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Papakolea Green Sand Beach





Unique Green Sand

Papakolea Beach really does have green sand! This sand is made up of small pieces of olivine crystals sometimes found in lava on the Big Island. This hidden gem is one of only a handful of green sand beaches in the world.

Scenic Adventure

To get to Papakolea Beach you can either take a 4×4 down a very rutted dirt road to the top of the beach, or hike a couple of miles. Whichever you choose, finding this green sand beach is a great adventure!

Breathtaking Landscapes

On your way there, you will discover a beautiful, windswept, and remote part of the Big Island. The beach is surrounded by dramatic cliffs made up of the walls of an old cinder cone slowly eroding into the Pacific.


Papakolea Green Sand Beach is a real hidden gem found in the beautiful windswept landscapes of the South Island. Combining the rugged trail out here with the fact that many visitors don’t make it out to this more remote part of the island, you will find that this unique beach is also very secluded.
The green sand found at Papakolea Beach comes from a deposit of olivine – a semi-precious stone that is often found in association with volcanic activity. Olivine is a common component of lava on the Big Island, but Papakolea is the only beach in Hawaii with green sand. This is because the bay’s steep cliffs are actually the walls of Pu’u Mahana – an old cinder cone that is slowly being eroded by the ocean. The cinder cone is the source of the green sand – as the waves cut further into the cliffs each year, more green sand is revealed.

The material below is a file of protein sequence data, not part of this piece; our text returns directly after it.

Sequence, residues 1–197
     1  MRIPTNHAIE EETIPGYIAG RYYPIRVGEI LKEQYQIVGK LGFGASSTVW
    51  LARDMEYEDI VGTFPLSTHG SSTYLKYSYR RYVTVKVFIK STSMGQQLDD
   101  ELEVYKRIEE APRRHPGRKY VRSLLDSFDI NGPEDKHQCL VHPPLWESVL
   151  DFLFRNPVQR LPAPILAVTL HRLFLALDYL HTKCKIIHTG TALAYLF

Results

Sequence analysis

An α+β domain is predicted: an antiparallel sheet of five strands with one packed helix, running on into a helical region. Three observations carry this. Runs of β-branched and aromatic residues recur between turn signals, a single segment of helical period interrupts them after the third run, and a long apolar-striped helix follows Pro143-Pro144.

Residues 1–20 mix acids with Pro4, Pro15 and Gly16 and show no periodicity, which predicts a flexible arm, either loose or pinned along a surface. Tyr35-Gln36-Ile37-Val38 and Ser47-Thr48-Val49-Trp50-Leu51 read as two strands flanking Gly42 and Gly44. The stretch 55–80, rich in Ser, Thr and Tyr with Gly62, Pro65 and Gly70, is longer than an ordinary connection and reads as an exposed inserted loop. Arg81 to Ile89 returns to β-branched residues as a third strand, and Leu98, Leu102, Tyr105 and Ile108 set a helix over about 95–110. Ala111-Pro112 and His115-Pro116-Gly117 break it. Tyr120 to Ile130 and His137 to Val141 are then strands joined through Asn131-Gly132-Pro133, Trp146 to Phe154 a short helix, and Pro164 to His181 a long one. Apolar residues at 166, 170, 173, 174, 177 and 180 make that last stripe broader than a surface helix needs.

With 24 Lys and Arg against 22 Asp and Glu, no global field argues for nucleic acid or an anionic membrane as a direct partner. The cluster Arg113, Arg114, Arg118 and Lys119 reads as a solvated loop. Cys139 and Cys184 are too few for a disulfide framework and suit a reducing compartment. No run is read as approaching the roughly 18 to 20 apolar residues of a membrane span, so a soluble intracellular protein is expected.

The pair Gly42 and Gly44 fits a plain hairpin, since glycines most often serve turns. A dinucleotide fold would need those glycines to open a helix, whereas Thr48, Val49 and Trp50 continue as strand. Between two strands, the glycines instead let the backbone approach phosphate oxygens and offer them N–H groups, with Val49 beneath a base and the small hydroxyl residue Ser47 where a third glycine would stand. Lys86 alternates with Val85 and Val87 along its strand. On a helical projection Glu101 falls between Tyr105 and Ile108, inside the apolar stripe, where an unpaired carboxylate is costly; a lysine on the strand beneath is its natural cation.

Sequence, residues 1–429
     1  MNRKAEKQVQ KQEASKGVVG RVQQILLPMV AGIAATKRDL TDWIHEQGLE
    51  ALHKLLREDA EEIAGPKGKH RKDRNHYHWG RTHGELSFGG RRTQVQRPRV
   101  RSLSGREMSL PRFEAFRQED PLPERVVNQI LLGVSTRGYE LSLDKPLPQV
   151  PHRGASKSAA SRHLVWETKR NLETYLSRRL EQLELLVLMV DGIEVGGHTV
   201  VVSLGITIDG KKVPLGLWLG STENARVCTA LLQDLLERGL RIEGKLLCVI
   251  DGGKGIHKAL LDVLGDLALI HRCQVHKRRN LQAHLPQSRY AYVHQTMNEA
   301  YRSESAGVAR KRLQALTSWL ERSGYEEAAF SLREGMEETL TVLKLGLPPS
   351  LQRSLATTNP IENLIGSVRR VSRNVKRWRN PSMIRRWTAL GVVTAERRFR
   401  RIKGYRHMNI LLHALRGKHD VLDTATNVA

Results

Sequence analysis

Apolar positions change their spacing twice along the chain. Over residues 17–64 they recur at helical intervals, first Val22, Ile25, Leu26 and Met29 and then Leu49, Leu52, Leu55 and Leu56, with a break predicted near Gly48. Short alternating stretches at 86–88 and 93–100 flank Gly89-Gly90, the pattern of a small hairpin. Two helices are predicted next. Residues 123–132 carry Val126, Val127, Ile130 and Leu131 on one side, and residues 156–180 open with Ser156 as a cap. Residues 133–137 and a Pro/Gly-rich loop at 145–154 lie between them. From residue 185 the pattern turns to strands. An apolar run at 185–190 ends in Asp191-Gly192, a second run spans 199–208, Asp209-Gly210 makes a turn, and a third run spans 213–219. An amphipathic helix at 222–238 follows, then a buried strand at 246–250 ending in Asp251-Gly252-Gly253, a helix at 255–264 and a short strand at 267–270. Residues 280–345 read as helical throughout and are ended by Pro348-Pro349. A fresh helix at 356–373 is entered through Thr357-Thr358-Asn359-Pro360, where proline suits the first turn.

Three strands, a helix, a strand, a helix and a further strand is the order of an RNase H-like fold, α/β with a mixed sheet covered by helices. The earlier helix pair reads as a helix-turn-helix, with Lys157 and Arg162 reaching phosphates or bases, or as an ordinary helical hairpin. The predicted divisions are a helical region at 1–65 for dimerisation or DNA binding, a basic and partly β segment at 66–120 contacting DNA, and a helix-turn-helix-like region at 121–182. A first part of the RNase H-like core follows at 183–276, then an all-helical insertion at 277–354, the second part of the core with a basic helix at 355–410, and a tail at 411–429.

Vehicle Access: If you rent a sturdy 4WD vehicle, you may be able to drive to the top of the beach. This depends on the road conditions, your vehicle, and your ability to drive on a very rough road. Sometimes locals will offer rides to the beach in their own vehicles for a fee.

Hiking to Papakolea: Alternatively, you can park your car and hike roughly 2.5 miles to the beach, following the trail outlined here. If you can hike it, this trail allows you to really experience the windswept, beautiful coastline of the South Island. The trail has some ancient sites along the way, including an old cave dwelling and the ruins of heiau (temples).

The beach is ringed with steep cliffs and there is no handrail or rope on the way down. Use your best judgement in finding a safe way down to the beach. Use caution if you decide to swim at this beach, the surf is often very strong and there are no lifeguards on duty or facilities nearby.